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Dwight Macdonald

Sparks in the News

(2 March 1940)

From Socialist Appeal, Vol. IV No. 8, 2 March 1940, p. 4.
Transcribed & marked up by Einde O’ Callaghan for the Encyclopaedia of Trotskyism On-Line (ETOL).

American Class Consciousness

The most interesting thing in the new U.S.A. issue of Fortune is the latest instalment of the Fortune Survey. Just how accurate and scientifically unbiassed this national poll is, I don’t know. (It came remarkably close to the 1936 presidential election results.) But to the extent that it is an accurate reflection of public opinion, this month’s instalment makes sober reading

That the social and economic conditions for the transference of power from the bourgeoisie to the workers have, in this country, been ripe for some time – this, I think, can easily be demonstrated. But Fortune’s Survey would seem to indicate that this is far from being yet reflected in mass consciousness.

The question was asked: “What word would you use to name the class in America you belong to?” To this, 47% answered “middle class”, 15% said “working class”, and 28% said they didn’t know.

Another question: “Do you think the interests of employers and employees are, by their very nature, opposed, or are they basically the same?” 56% answered “the same”, 25% said “opposed”, the rest didn’t know. Factory workers, as one would expect, were the most class conscious here: here – and yet more of even this section of the masses thought class interests were “basically the same” (41%) than thought they were opposed (37%).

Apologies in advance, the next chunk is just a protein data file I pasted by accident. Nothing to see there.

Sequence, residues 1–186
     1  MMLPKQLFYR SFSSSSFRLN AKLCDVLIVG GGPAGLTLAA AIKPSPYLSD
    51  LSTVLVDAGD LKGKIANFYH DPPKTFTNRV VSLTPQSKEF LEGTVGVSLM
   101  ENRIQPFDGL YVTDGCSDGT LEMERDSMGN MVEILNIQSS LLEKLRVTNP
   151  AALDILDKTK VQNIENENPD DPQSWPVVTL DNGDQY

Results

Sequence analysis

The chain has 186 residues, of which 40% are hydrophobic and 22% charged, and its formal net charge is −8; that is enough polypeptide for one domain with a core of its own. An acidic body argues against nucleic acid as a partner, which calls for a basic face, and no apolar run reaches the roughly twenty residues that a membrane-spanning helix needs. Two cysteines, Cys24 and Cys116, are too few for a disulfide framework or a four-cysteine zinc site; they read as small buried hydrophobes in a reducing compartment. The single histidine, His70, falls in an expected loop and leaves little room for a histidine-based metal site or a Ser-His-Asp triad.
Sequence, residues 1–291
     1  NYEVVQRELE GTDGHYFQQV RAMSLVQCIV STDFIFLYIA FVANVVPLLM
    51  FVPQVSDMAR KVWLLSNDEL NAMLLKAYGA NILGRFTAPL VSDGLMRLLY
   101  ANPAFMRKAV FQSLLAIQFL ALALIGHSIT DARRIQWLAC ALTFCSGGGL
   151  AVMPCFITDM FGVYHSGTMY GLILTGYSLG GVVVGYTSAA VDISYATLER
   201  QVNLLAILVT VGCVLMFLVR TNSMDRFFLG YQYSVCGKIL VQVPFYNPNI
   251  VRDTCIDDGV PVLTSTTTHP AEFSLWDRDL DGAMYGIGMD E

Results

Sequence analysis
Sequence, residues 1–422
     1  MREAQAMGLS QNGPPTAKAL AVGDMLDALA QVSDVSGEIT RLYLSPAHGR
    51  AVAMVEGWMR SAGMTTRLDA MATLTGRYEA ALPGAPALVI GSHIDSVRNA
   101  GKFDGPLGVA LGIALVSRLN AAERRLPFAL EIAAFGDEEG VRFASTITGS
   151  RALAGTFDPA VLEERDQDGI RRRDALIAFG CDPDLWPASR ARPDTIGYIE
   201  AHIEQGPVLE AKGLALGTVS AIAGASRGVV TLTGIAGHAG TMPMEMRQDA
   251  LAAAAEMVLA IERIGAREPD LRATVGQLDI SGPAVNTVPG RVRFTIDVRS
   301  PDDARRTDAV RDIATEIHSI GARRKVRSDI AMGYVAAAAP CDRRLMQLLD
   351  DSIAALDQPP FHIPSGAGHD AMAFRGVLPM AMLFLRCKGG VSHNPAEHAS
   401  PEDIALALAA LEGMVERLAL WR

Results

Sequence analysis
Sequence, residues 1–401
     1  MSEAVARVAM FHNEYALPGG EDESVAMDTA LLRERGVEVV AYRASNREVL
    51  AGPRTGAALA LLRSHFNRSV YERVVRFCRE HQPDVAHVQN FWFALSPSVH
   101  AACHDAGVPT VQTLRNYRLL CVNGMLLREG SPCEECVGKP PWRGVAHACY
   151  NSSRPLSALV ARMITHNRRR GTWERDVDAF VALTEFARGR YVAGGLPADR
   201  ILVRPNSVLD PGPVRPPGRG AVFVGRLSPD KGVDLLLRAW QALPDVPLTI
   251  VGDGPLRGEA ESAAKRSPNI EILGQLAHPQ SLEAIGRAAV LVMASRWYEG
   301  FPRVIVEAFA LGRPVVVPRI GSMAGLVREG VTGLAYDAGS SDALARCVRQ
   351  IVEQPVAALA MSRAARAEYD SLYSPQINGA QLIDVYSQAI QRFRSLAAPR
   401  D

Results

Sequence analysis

Asked: “What do you really think would be a satisfactory income for you?”, exactly half of all answering named sums of $2,500 a year and under. It is true that even such an income is far below what most people get today, but to be content with so little shows a dangerous mood of humility and resignation among the masses.

The most ominous finding was that, while 49% thought anybody at any time should have the right of free speech, almost as many (44%) said they would “prohibit some”. And of these latter, much the biggest proportion (40%) defined the “some” they would gag as “Browder, communists, reds, radicals, Thomas, socialists”. The next biggest gag group was the 18% in favor of denying free speech to “Kuhn, Bund Leaders, Nazis, Fascists”. This would seem to indicate that “reds” are about twice as unpopular in this country at the moment as fascists. (It would have been interesting and valuable to have had this same question asked before the Hitler-Stalin Pact. I venture to guess that the anti-”red” sentiment would have been appreciably weaker.

The People Reject War

As the war drags on, its sterile, futile, reactionary character becomes increasingly clear to the American masses. In the first week of the war, the Gallup Poll asked the question: “If it appears that Germany is defeating England and France, should the United States declare war on Germany and send our army and navy to Europe to fight?” To this, 44% said “Yes”, 56% said “No”. The same question was asked a few weeks ago. This time 23% said “Yes”, 77% “No”. In the same way, the percentage of those who think the U.S. will stay out of the European war has risen from 54% last October to a current figure of 68%.